In reality the treaty only returned temporary stability to Europe. The Ottoman Empire failed to reform and so continued to crumble as nationalist sentiment grew. The larger ‘Eastern Question’ itself remained unsettled and, in 1877, Russia and the Ottoman Empire again went to war.
On the 13th March 1881, Tsar Alexander II of Russia was assassinated in a St Petersburg street by a member of the People’s Will revolutionary movement. Despite introducing a number of reforms such as the 1861 emancipation of the serfs and the abolition of capital punishment, Alexander’s government remained autocratic and after an assassination attempt in 1866 began to brutally repress those who sought political change.
Despite this, by the 1870s the government was coming under increasing pressure from liberals and radicals to introduce further reforms. Land and Liberty, a group of reformers who sought land reform, soon gave rise to the People’s Will which favoured terrorism as a way to achieve their aims. The Tsar became the focus for a number of attacks from 1879 onwards, but finally succumbed on the 13th March 1881.
Alexander was travelling close to the Catherine Canal when a bomb was thrown at his closed carriage by a member of the People’s Will. The blast killed one of the accompanying Cossacks and injured many others, but the Tsar was unharmed. Emerging shaken from his armoured carriage, however, another assassin threw his bomb which landed at Alexander’s feet.
Suffering from severe bleeding, the Tsar was taken to the Winter Palace where he died from his wounds. Somewhat ironically, Alexander had just that morning signed the Loris-Melikov constitution which would have established an elected parliament known as a Duma. However, this was rejected by his son and heir, Alexander III who instead further suppressed civil liberties through the Okhrana. Alexander II’s death therefore arguably slowed down, rather than sped up, the move to a parliamentary democracy.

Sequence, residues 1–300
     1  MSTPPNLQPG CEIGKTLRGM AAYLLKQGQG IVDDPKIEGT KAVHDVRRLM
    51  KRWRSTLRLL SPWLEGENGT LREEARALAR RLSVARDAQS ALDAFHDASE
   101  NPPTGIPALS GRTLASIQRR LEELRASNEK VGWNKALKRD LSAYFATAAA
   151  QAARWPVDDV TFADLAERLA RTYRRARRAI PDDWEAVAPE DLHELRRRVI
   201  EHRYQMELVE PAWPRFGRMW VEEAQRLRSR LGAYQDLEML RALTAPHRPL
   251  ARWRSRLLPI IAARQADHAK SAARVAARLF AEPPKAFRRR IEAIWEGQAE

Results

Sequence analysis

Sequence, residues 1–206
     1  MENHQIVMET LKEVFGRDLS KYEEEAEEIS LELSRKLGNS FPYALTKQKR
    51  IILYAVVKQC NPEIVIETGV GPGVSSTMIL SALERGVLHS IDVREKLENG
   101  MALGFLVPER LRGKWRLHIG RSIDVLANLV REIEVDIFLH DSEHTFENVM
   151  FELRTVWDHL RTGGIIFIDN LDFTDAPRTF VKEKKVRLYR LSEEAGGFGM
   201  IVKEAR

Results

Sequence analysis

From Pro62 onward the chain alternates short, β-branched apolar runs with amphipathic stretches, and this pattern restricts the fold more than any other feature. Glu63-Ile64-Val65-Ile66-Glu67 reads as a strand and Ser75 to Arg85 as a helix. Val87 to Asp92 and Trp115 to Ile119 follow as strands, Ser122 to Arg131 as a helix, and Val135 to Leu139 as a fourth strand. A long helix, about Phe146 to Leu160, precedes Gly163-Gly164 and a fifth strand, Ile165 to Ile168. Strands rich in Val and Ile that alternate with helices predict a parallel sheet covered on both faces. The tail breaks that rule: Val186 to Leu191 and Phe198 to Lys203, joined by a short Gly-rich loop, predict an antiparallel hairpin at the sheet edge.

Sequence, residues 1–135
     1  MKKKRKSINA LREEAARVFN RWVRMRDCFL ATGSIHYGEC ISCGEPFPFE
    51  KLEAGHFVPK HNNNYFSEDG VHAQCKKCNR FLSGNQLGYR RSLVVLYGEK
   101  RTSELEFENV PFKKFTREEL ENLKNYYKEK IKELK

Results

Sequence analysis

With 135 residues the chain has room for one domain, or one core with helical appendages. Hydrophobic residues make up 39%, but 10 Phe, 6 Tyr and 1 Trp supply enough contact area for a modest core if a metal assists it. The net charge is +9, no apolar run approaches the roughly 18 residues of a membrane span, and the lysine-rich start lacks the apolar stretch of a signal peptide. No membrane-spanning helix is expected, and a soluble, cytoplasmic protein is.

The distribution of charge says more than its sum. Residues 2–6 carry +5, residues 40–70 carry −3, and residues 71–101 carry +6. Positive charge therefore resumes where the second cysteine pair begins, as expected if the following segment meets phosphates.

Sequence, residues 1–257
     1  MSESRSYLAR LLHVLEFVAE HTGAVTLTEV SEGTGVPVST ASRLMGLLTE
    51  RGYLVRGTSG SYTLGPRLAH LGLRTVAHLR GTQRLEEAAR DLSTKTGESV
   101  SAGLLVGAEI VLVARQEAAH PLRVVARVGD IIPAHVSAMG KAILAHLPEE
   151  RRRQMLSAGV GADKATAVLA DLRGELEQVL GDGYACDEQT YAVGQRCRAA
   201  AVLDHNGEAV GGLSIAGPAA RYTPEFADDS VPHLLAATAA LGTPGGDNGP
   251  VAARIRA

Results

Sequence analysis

On the 3rd March 1918 the Treaty of Brest-Litovsk was signed between Russia and the Central Powers. The treaty ended Russia’s participation in the First World War and was negotiated by the new Bolshevik government.
By the winter of 1917 the Russian economy was in tatters as a result of the strain of maintaining the war effort. Tsar Nicholas II had abdicated in February, but the subsequent Provisional Government was overthrown in the Bolshevik Revolution later that year after they continued to fight alongside the Entente Powers.
The Russian Bolsheviks vehemently opposed the war and received some support from Germany in their efforts to seize power. For example they had allowed Vladimir Lenin to return from exile in Switzerland to lead the revolution against the Provisional Government.
After seizing power Lenin appointed Leon Trotsky as Commissar of Foreign Affairs, but peace negotiations with the Central Powers were fraught with difficulties: the situation was so bad that, in mid-February, Trotsky declared ‘neither war nor peace’. He intended Russia to stop fighting, but not sign a peace treaty: this incensed the Germans who responded by restarting their advance into Russia in Operation Faustschlag. Concerned by the speed of the German attack, Lenin threatened to resign if Russia didn’t accept the new peace terms delivered on the 23rd February.
The Treaty was a humiliation for Russia: she lost approximately one million square miles of land including fertile farmland, natural resources and industry, as well as approximately a third of the entire Russian population. The Treaty was cancelled as part of the Armistice with Germany on the 11th November 1918.